Impulsados por EEUU, el grupo lanzó la iniciativa dirigida a naciones de Latinoamérica, el Caribe, África y el Indopacífico que busca movilizar USD 40 billones del sector privado para impulsar proyectos de infraestructura
El presidente estadounidense, Joe Biden, ha convencido al resto de líderes del G7, reunidos en una cumbre en Carbis Bay (el Reino Unido), para lanzar un gran plan de infraestructuras que contrarreste el avance de China. En ese sentido, los dirigentes del G7 acordaron este sábado lanzar la iniciativa “Build back better for the world” (reconstruir mejor para el mundo) para “responder a las necesidades tremendas de infraestructuras en los países de ingresos medios y bajos”, informó la Casa Blanca en un comunicado.
En concreto irá dirigido a naciones de Latinoamérica, el Caribe, África y el Indopacífico. “Los distintos socios del G7 tendrán orientaciones geográficas diferentes, pero la suma de la iniciativa abarcará países de renta baja y media de todo el mundo”, reveló la Casa Blanca.
El plan quiere ser una alternativa al proyecto chino “One Belt, One Road” (una ruta, un cinturón), que pretende revitalizar la conocida como Ruta de la Seda mediante la modernización de infraestructuras y telecomunicaciones para mejorar la conectividad entre Asia y Europa. El objetivo es superar la propuesta china “ofreciendo una opción de mayor calidad”.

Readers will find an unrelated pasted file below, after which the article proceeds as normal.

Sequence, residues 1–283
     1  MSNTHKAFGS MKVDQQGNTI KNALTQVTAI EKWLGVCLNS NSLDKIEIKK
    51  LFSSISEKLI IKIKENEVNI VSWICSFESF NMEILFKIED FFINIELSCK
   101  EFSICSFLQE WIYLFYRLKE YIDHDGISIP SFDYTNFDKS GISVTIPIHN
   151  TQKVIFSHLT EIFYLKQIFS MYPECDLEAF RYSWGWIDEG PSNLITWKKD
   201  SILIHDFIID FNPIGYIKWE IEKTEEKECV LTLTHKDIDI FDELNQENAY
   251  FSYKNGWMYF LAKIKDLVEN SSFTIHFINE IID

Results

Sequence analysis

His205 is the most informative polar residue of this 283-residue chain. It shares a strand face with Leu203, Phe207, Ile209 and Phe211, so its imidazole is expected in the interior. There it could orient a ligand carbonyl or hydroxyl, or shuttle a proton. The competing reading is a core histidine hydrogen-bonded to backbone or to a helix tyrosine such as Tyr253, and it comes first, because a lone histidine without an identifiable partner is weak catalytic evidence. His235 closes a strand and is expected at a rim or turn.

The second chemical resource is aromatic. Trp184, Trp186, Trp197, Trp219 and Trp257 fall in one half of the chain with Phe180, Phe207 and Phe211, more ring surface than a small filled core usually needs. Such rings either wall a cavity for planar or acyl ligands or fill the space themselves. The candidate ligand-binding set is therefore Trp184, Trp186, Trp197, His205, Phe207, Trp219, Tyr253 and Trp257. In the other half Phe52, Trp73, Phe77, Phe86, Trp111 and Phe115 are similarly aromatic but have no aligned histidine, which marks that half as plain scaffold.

El Gobierno estadounidense indicó que su iniciativa de infraestructura es una colaboración entre las grandes democracias para llevar a cabo un proyecto guiado por “los valores, con altos estándares y transparentes”.
El plan “ayuda a estrechar las necesidades de más de 40 billones de dólares en infraestructuras que necesita el mundo en desarrollo, y que se ha visto exacerbada por la pandemia de covid-19”, dijo la Casa Blanca.
La propuesta estadounidense pretende movilizar capital del sector privado para impulsar proyectos en cuatro ámbitos: el clima, la seguridad sanitaria, la tecnología digital y la igualdad de género, además de contar con inversiones de instituciones financieras.
Biden está poniendo el foco sobre China, que compite por la hegemonía mundial frente a EEUU, durante esta cumbre de los líderes de las democracias más industrializadas del mundo (EEUU, el Reino Unido, Alemania, Francia, Italia, Canadá, Japón, más la Unión Europea).
Anteriormente, un funcionario de alto rango de la Administración de Washington había criticado en declaraciones a los periodistas el plan chino “One Belt, One Road”, por lo que consideró su falta de transparencia, los malos estándares laborales y medioambientales, y por supuestamente haber dejado a muchos países en una situación peor.
En paralelo, Biden está presionando al G7 para que adopte “una acción concreta” contra los “trabajos forzados” en la provincia noroccidental china de Xinjiang, donde vive la minoría uigur. El presidente quiere que “se deje claro al mundo que creemos que estas prácticas son una afrenta contra la dignidad humana y un ejemplo indignante de la competencia económica injusta por parte de China”, remarcó la fuente estadounidense.
Biden urges G7 leaders to create unified front to counter China
Leaders of the world’s largest economies unveiled an infrastructure plan Saturday for the developing world to compete with China’s global initiatives, but there was no immediate consensus on how forcefully to call out Beijing over human rights abuses.